The past year has been tough for most people, especially for those in financial difficulties. 9.2% of the world’s population lives in extreme poverty – less than $1.90 a day – a number that has decreased since 1990. That decrease, however, has been threatened by the effects of COVID-19 and lockdowns. For others finances might not be as dire – but nevertheless, money is a source of worry.
How realistic is saving money?
Obviously for those who cannot afford to meet their basic needs such as food and shelter, saving money is an impossibility. People who exist below the poverty line simply do not have the cash to access education and healthcare, let alone to put away towards a nest egg. Sometimes people can be working full-time jobs and still fall below the poverty line, depending on the cost of living in their country. There are, however, some ways to make the money you do have last a bit longer.
Look at needs vs wants
At the most basic level, our needs are simple: food, water, shelter, and clothing. Most people, however, have other needs and many wants – things that are not essential for survival but a source of pleasure.
We have a need for transportation, electricity, and healthcare – not strictly required for survival, but necessities for a more tolerable living situation. Those who live below the poverty line usually don’t have the option of budgeting for wants, such as entertainment, eating out, or buying things purely for enjoyment. If you are struggling to manage your money you need to sit down and take a hard look at where your money is going and whether you are prioritizing wants over needs, such as your passion to gamble and play online in FIFA World Cup betting.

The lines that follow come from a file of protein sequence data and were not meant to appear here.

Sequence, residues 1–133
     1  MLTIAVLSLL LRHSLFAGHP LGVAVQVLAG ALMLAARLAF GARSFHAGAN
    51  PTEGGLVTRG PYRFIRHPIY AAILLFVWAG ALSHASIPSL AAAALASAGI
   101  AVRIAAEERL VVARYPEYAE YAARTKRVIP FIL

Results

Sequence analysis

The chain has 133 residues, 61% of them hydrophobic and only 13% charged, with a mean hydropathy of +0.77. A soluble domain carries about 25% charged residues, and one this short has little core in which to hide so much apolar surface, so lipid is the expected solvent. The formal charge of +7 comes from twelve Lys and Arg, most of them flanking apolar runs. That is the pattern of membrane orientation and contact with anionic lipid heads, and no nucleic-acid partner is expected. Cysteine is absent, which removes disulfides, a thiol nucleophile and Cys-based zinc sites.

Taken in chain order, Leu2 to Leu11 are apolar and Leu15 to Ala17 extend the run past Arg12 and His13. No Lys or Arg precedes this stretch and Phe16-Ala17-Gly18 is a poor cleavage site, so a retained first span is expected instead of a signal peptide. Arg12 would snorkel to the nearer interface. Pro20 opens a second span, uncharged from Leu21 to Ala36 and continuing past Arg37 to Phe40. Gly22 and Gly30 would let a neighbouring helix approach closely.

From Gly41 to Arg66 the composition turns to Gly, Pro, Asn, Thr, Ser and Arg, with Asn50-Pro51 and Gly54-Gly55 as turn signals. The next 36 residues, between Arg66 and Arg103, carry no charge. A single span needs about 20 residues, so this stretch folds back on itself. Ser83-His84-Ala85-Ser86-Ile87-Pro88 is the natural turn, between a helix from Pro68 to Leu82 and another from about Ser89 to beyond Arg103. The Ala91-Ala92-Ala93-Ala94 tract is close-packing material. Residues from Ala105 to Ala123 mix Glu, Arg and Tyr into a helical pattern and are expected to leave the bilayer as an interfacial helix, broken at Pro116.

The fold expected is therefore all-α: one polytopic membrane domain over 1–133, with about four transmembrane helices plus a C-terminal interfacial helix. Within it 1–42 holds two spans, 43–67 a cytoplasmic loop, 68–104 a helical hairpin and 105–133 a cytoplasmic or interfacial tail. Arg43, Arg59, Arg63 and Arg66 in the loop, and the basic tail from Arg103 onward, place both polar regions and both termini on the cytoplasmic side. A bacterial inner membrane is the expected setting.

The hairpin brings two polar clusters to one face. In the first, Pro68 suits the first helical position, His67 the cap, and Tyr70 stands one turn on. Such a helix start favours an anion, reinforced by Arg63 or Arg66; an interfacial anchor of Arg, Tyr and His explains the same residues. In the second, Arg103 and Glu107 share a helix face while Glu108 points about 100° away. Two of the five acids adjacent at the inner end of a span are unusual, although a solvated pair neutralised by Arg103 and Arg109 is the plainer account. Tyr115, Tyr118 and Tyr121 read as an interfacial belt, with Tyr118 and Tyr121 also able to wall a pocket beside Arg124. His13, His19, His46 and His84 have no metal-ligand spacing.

Make a budget
A tip that seems to pop up everywhere is to make a budget that will help now and in the future. Creating a budget can seem daunting when it feels like you don’t have money to meet basic expenses, but it can still help keep you afloat in tough times. Just as sorting through needs and wants, it can help you put together a plan to afford bare necessities and alert you to bills that won’t be covered, allowing you to find out whether deadlines are flexible. If you are looking for ways to win extra money you can always visit website for more options.
To get your basic needs met you do need some kind of income, but what you spend it on can determine how skint you end up at the end of the month. Food shopping is one of the biggest expenses in most households, but making prudent decisions about where you shop and what you purchase can ease the financial hardship. Some tips for saving on groceries are to use shopping lists to keep you on track, buy in bulk, make use of discount supermarkets or, for some, finding a food bank that can offer some assistance.
Keep your head above water
Although these are only three tips to ease an individual financial crisis, they are a good place to start. Once you have implemented some changes, things may start to feel less overwhelming – the first step towards a more secure future.